The final act is what I’m going to remember forever – the randomly selected review request was from Suzanne, who asked him to review “never reviewing anything again for the rest of your life”, and she made it clear that if he didn’t take this review, he’d never see his family again. (Kudos to Jessica St. Clair, by the way. She’s hilarious but she puts that all aside for this show. She plays it real and keeps the show emotionally grounded no matter how silly it gets. It’s crazy that somebody would cast St. Clair for a role that can’t be funny, but she’s so good.) And that should be it. Forrest’s joy and relief is palpable¬†¬† Co-host A.J. Gibbs (Megan Stevenson, a consistent scene stealer) is so happy for him. Forrest’s torment is over and he doesn’t even have to violate the rules of the show that mean nothing to anybody except him.

But then he decides he has to do Grant the courtesy of officially resigning. And the first time through, I thought this was Grant’s revenge (you know, for the paralysis) but on reflection, I think Grant is just a son of a bitch and would do the same thing whether or not he could walk. (Back in Season Two he “officially” warned Forrest against murder even though it would make for compelling TV *wink wink*.) Grant convinced Forrest that families are great but man, it’s a shame for the world to lose his reviews. Who knows what he could accomplish if he stayed in his post? And so Forrest, who has only a semblance of free will by this point, vetoed the review (and his family). Brutal. A.J. couldn’t even bring herself to cue up the next request. Which turned out to be a guy asking what it’s like to get pranked.

And look. We all thought Forrest was going to die for his last review. But instead, as he was working out a way to insure he’d be pranked, Grant let him know the show was cancelled. Forrest assumed that was the prank and went about his job. And in his mind, everybody was in on it, so he couldn’t accept heartfelt goodbyes or words of concern for his well-being. It was all a prank! And when Suzanne left town without a word, leaving an empty house behind, she was in on it. And he thought it was hilarious. So he completed his final review without a co-host or crew or cameras, and that’s maybe the most fitting ending for Forrest. Eventually he’s going to realize that he gave up everything for a cancelled show, but the last time we see him, he’s as genially oblivious as ever. We’re not going to see the realization (which probably wouldn’t be funny) and we don’t have to watch him die for his cause. There’s still tragedy, but it’s the funniest kind.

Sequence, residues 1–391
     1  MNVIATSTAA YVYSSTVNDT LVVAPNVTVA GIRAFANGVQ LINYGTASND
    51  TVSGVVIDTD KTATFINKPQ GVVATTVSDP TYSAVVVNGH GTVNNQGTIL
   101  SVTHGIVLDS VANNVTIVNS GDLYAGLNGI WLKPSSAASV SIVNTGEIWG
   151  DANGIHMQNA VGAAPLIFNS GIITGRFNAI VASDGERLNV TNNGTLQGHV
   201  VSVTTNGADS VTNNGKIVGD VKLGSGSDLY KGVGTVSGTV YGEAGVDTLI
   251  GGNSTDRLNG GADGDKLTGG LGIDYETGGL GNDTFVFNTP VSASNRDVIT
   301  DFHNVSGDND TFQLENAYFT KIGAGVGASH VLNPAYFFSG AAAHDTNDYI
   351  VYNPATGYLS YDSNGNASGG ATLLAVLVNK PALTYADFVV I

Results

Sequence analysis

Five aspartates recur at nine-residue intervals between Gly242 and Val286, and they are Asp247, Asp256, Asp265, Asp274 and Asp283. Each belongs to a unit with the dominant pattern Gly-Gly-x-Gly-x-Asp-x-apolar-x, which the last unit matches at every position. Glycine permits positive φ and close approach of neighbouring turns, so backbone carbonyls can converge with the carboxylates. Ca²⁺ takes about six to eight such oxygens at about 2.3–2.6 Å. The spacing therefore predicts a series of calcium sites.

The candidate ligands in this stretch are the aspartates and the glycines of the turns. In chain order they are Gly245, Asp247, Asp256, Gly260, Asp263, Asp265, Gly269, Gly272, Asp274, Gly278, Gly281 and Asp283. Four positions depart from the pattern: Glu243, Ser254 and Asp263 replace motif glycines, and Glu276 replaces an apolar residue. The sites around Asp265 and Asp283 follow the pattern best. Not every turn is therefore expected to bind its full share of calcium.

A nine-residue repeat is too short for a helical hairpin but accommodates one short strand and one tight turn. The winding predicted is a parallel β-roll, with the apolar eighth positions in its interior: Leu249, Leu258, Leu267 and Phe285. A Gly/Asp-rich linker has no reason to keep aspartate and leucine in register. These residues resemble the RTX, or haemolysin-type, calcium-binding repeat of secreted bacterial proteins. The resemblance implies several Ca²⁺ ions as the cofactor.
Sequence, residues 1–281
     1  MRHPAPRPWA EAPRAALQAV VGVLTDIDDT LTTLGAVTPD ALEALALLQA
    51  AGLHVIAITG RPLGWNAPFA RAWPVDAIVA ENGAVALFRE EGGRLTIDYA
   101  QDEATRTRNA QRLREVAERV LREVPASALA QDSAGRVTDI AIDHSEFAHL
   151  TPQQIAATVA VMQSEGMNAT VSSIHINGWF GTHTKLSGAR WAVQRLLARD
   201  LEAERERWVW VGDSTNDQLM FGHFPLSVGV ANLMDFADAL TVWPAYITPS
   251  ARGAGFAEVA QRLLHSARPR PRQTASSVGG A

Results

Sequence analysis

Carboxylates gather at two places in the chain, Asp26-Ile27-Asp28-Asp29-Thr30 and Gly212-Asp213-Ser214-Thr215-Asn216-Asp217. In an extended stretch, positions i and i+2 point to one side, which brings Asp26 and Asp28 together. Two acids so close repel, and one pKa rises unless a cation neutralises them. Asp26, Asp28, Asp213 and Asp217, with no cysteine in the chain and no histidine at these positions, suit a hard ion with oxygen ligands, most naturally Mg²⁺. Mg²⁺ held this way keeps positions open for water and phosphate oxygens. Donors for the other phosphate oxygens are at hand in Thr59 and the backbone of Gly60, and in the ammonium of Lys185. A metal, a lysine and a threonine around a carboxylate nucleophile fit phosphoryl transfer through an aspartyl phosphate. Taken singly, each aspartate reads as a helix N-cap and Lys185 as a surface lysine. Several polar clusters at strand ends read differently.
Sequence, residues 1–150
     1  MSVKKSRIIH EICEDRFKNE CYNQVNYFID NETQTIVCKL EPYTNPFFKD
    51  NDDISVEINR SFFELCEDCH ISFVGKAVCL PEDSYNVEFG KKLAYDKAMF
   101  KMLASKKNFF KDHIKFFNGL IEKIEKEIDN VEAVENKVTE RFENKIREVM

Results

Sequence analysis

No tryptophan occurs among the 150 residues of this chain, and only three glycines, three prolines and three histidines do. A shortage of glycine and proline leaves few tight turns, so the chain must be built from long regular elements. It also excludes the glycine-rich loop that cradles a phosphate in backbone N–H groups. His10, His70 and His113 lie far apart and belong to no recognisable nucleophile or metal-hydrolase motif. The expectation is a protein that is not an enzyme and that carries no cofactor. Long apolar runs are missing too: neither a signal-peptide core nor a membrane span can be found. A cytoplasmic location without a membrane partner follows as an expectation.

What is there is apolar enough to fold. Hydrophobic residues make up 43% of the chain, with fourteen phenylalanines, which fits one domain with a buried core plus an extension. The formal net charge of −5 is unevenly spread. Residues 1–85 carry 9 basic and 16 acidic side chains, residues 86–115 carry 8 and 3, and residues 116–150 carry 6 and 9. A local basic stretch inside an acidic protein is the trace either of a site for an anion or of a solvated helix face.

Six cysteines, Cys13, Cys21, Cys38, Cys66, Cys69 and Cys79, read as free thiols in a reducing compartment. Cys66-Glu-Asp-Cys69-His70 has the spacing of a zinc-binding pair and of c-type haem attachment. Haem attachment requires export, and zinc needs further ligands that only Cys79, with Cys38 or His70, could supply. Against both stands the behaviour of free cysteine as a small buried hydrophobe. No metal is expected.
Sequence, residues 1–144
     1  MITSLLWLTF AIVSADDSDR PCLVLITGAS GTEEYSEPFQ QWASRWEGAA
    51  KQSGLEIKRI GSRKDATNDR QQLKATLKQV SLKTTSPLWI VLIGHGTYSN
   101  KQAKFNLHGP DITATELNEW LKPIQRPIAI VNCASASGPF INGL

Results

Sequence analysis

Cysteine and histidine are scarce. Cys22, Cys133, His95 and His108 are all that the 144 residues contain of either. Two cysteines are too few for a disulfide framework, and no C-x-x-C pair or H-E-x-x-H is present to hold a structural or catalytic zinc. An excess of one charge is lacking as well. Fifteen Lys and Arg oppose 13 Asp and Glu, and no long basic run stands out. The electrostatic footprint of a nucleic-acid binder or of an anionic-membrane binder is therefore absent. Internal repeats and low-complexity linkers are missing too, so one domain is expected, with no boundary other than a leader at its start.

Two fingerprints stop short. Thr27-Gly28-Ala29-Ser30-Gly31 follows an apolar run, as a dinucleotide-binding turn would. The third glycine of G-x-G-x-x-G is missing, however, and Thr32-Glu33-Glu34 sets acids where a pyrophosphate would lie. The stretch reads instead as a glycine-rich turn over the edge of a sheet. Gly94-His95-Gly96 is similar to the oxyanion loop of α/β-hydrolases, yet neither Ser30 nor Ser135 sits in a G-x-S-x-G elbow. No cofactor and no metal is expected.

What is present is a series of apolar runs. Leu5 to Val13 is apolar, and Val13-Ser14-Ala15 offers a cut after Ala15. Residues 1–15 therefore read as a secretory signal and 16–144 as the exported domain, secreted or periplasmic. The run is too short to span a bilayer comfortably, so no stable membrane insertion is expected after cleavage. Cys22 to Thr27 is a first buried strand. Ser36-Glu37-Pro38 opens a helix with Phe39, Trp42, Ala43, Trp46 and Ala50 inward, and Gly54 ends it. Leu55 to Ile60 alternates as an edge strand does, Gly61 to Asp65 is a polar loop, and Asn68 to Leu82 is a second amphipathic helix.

It’s a nice flip side to the Comedy Bang! Bang! finale, actually. That show ended with Scott Aukerman losing his cameras but deciding to keep doing the show even though they couldn’t film it and nobody would see those episodes. (Their Twitter occasionally announces new unfilmed and unaired episodes, which is a good commitment to the bit.) There, it was almost joyous because everybody was in on it – Scott and company had fun making the show so they’d keep doing it even when it wasn’t a show anymore. But Forrest’s take on the same idea is very funny but deeply sad. And given how often Andy Daly appeared on CBB, it’s nicely appropriate to see that tweak.

It’s always hard to judge a finale right away because there’s so much emotion and resolution and just a cocktail of stuff. I think it as a brilliant ending to a brilliant show, perfectly encapsulating the basic themes of the show and closing things out so appropriately. It’s such a nice bow for Review and as much as I like my dark humor, it makes me happy that Forrest survived his job. It’s a show I know I’ll rewatch again and again, and hopefully it gets some traction once it’s streaming somewhere better than Comedy Central’s app. Daly is endlessly creative and I’m looking forward to see what he and his collaborators are going to do next. But for now, we have a complete series that feels very much like a consistent vision. Funny and upsetting and weird, it’s an amazing show and in its time, it was one of the best things on TV. I give Review…. five stars.